While the death of print news was predicted awhile ago, the reality is that it's suffering a long, slow, painful and tedious spiral into oblivion. However, within that spiral there is a lot of analysis. And it's a lot more than just rearranging deck chairs on the Titantic. It's about insight into the changing face of news in a digital era. In its State of the News Media 2008: An Annual Report on American Journalism released by the Pew Research Center’s Project for Excellence in Journalism, more than 250 newspapers participated in the examination of the changing nature of the resources in American newspaper newsrooms at a critical and pivotal time.

The Survival Theme

Among the results, which highlighted declines in circulation, advertising revenues and staff, as well as increases in online audiences and revenues, the perpetual theme is survival. The news industry is far more concerned with surviving the present than it is with developing more effective plans for the future. Immediate changes affecting news media include:

Cutbacks in Staffing

Fully 85% of the dailies surveyed with circulations over 100,000 have cut newsroom staff in the last three years, while only 52% of smaller papers reported cuts. The survey also found that more than half of the editors at larger papers and a third at smaller ones expect more cutbacks in the next year.

Reduced Size and Space

Papers both large and small have reduced the space, resources and commitment devoted to a range of topics. Nearly two thirds of papers surveyed have cut back on foreign news, over half have trimmed national news and more than a third have reduced business coverage.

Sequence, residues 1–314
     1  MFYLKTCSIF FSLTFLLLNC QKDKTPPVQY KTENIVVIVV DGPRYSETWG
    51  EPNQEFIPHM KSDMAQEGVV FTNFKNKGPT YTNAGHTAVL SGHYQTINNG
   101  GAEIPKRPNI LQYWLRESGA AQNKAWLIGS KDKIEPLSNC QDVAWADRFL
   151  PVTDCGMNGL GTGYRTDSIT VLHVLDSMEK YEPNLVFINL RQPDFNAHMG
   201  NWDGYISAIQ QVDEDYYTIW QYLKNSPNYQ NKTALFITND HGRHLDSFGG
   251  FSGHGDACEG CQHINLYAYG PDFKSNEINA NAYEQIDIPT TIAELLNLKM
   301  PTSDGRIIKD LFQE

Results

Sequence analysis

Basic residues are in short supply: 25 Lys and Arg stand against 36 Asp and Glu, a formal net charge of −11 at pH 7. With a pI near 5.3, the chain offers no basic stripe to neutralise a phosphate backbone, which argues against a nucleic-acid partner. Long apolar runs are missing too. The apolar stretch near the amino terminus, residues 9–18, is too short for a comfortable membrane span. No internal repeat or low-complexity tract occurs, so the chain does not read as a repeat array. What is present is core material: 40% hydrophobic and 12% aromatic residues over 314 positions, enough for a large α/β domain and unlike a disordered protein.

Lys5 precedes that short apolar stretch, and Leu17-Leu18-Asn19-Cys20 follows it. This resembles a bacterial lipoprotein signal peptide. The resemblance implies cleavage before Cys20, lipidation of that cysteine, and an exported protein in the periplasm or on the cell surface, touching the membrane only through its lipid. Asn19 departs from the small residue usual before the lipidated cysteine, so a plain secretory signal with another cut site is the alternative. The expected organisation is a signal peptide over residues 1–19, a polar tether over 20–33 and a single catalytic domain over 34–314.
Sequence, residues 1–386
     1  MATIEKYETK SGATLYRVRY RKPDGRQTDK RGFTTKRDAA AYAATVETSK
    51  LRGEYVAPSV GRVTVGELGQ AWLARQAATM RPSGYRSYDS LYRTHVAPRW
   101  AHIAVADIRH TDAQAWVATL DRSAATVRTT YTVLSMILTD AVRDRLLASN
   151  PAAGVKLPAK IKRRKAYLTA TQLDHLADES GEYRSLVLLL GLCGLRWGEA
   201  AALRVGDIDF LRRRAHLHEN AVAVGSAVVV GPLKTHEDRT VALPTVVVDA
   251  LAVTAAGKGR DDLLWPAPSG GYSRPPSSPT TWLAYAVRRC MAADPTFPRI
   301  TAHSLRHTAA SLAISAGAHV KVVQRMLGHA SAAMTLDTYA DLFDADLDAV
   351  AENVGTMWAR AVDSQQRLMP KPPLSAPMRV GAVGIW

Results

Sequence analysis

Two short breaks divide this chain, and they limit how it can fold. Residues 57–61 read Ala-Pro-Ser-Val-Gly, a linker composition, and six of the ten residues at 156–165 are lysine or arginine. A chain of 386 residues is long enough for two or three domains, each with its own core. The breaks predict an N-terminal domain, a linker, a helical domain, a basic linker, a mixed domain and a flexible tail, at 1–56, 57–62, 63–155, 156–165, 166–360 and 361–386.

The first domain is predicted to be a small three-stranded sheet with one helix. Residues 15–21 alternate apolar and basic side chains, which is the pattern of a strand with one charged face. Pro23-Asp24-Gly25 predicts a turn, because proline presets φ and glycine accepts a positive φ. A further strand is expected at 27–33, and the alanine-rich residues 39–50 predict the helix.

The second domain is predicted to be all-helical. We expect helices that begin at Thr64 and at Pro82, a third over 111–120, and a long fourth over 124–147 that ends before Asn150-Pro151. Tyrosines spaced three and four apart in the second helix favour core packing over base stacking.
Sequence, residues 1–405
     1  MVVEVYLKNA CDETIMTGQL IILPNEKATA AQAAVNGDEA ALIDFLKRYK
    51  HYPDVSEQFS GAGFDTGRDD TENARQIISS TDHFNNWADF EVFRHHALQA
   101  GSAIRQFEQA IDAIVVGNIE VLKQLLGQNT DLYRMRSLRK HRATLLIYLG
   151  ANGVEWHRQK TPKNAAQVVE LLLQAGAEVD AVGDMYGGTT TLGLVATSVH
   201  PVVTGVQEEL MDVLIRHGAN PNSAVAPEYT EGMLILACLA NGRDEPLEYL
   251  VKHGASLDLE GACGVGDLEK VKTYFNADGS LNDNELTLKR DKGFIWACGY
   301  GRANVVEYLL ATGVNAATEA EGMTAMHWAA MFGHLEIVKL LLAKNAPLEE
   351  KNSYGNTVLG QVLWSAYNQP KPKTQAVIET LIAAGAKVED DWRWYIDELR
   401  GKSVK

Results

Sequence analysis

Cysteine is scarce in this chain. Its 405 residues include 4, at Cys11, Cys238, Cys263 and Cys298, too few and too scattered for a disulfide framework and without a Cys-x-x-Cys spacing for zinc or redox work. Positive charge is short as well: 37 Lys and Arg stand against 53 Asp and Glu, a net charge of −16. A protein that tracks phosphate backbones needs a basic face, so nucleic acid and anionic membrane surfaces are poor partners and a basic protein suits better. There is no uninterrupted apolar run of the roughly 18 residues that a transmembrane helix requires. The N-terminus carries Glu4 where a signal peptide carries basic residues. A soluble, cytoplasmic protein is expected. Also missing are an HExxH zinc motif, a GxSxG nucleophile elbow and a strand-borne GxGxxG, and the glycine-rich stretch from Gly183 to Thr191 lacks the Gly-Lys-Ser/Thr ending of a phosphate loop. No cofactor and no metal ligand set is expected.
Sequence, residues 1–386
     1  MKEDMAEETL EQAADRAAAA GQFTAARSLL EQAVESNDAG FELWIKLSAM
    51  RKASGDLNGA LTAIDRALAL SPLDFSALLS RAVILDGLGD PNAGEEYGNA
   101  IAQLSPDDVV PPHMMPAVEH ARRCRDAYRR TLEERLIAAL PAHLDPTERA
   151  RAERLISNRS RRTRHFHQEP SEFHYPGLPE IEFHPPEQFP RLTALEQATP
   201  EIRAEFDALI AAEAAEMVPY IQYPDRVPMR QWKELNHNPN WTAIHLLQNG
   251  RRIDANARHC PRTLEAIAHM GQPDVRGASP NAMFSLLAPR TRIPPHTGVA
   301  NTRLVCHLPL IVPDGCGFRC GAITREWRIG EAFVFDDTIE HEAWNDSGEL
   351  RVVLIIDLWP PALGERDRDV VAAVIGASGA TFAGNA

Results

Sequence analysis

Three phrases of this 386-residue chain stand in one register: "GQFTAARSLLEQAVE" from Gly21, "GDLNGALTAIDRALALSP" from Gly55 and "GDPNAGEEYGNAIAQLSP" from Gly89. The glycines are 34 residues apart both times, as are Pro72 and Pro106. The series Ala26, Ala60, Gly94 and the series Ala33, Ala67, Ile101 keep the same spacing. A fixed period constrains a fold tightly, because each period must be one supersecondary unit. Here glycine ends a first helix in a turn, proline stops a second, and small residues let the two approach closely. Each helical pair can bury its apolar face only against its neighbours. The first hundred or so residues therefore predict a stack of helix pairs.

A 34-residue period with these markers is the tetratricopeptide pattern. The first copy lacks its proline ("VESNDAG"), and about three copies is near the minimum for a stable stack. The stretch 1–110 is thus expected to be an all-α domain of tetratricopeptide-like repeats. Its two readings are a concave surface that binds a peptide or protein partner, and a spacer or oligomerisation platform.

Newsroom Culture

New job demands are drawing a generation of young, versatile, tech-savvy, high-energy staff as financial pressures drive out higher-salaried veteran reporters and editors. Competitive energy is on the rise with younger, eager staffs, but at the expense of waning institutional memory.

Newspaper Websites

Many editors (48%) report feeling conflicted by the trade-offs between the speed, depth and interactivity of the web and what those benefits are costing in terms of accuracy and journalistic standards. However, 43% think that “web technology offers the potential for greater-than-ever journalism and will be the savior of what we once thought of as newspaper newsrooms.”

The Silver Lining

Yet despite such dismal behaviors and scenarios, optimism about journalistic integrity and quality still shines through. Even at the height of citizen journalism, a majority of editors think their news product is better than it was three years earlier. Other silver linings offered up by those included in the report include:


The news industry now appears to be taking to new technology seriously. Sites are evolving quickly and, in a new development, the mainstream media are now among the more experimental players. As well, more media sites are dismantling their “walled gardens” and having the courage to link to outside sources or even inviting in third-party content.

Citizen Journalism

Web sites run by citizen journalists are multiplying, approaching 1,500 heading into 2008 – offering stories, blogs and videos. Once thought to have had the ability to replace journalists, it is now seen as "an essential ingredient for the website and newspaper of the future." So what is the future of new media? It seems to be what we knew all along, that the future of journalism will be one that takes advantage of the technology rather than fights it. But how and when this happens is the million dollar question. A question, whose answer may result in the decline of news media as we know it and the resurrection of shiny new media.